Welcome to my store. We sell things. What sorts of things? Well, as you’ll soon discover, only two of the things we sell are useful, and the other 437 things we sell are perfect for throwing against the wall or snapping in half when you have an inevitable panic meltdown about owning too many things.

All of these things are for women. We love women.

On your left, we have things that resemble plates, but they can’t be used as plates because they are too small. Or maybe, you think, they could be plates for hamsters. They aren’t. These things are actually things to place candles on. So, a candleholder? Well, no. It doesn’t really hold a candle; it just sort of goes underneath the candle. They’re rosy pink. Not so bright pink as to insult you, but pink enough to remind you that you are feminine. They cost $144 each.

Besides those things is a little basket of these other things. They might be ornaments. They’d look perfect on a Christmas tree. Except it isn’t Christmas time, so it feels silly buying ornaments. And if you were to ask me if they were Christmas ornaments, I’d tell you no. Those aren’t ornaments. Those are just things. As you can see, they don’t have hooks or strings, but you could balance them carefully on a branch, I guess. They cost $24. Also, without any explanation, there’s a small note card that says purchasing these things support disadvantaged women in some far off country.

Along the wall is a gorgeous oak shelf. It’s stunning. It is not for sale. But on the oak shelf are an array of things that would look great on a table. They don’t necessarily hold anything or prop anything else up. In fact, they are very fragile things and shouldn’t be put close to other things. These things are perfect for the girl boss in your life, whatever that phrase means.

There’s a sort of shiny brass orb that you can’t fully see your reflection in and retains the smudged fingerprints of anyone who has ever touched it. The small one costs $186 and the large one is the cost for one semester’s room and board at a state university.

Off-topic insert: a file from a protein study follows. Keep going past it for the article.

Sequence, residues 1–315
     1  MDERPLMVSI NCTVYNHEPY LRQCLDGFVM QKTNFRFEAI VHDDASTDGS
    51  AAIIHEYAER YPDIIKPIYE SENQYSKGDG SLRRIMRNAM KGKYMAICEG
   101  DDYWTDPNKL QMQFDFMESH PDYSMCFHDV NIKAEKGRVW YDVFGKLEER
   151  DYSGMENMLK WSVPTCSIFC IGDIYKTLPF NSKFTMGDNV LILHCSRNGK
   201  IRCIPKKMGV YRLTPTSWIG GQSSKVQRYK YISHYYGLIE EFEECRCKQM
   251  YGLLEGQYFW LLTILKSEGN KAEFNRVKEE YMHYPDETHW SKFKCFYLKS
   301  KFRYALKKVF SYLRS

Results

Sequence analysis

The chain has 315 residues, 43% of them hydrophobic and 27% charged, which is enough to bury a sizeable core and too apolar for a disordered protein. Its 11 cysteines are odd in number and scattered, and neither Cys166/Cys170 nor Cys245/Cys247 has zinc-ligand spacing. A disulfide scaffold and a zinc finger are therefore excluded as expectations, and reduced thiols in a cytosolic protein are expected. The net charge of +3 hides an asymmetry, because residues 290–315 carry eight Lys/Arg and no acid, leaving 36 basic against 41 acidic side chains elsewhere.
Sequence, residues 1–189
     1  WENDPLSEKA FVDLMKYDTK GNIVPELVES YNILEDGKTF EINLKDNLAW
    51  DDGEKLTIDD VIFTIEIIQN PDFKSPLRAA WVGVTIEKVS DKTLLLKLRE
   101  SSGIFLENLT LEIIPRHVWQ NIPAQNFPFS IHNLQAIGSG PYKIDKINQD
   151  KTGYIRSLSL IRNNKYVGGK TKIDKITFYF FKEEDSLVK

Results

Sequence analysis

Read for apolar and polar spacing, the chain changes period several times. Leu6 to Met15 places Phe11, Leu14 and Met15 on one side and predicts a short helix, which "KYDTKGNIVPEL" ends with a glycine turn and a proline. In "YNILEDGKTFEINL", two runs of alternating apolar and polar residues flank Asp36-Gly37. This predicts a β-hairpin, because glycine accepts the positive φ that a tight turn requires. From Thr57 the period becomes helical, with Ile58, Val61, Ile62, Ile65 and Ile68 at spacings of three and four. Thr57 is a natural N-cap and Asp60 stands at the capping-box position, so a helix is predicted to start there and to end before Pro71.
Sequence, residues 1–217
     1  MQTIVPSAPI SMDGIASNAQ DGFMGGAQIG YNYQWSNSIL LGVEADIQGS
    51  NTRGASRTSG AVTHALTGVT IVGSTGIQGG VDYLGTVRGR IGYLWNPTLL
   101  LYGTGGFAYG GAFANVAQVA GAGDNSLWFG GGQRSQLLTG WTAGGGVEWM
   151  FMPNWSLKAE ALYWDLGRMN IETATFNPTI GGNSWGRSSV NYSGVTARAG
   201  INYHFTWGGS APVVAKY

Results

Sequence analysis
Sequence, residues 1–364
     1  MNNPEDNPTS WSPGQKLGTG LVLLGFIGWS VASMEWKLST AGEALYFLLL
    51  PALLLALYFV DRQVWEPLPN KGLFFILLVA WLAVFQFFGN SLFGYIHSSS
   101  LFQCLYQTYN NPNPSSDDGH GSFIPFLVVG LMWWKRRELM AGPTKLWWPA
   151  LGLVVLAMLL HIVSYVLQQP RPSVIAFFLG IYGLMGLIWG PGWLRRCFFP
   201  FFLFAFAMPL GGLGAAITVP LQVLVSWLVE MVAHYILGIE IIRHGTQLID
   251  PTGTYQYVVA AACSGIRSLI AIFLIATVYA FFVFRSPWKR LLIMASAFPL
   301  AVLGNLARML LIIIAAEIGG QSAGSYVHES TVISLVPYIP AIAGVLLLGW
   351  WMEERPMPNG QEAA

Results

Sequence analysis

Oh, you came into the store because of the cute succulents hanging from the ceiling by a rope? We sell those. Not the plants — we’re not a nursery. But there is a coil of rope for sale and instructions on how to buy everything else you need from a hardware store to recreate the visual we have in our window display. The price of the rope is $480 because we are selling an experience. That experience is womanhood. No further questions, please.

By the register are a bunch of trinkets, cousins of things. Beside the trinkets are knick-knacks. My personal favorite thing is a little wooden block that says THE BEST THINGS IN LIFE AREN’T THINGS. It’s a funny little nod to what we do here. And like many other funny little nods, it costs $38, not including tax, which is somehow another $38.

I can tell you’re getting fatigued by looking around the store, trying to find the two things I mentioned that are of practical use. You’re simultaneously overwhelmed by the sheer volume of things we have and underwhelmed by how shallow they are. Let me help you.

Here is a garden-variety bottle opener. It says FEMINISM on it because that is, inexplicably, the core value of our store. I should have mentioned that as soon as you walked in, but I keep forgetting that not everyone can link ceramic toothbrush stands to the political, economic, and social fight for gender equality.

Please don’t mention that there are more than two genders or that the concept for this store is vapid and entirely misses the point of feminism. We’d have to do an entire store rebrand, and in a rage, I’d flip the center display case with all of the vases that can’t actually hold water or they’d dissolve. The other thing we sell is a broom for when that inevitably happens. On the handle are the words MERYL SWEEP. The price? Your integrity.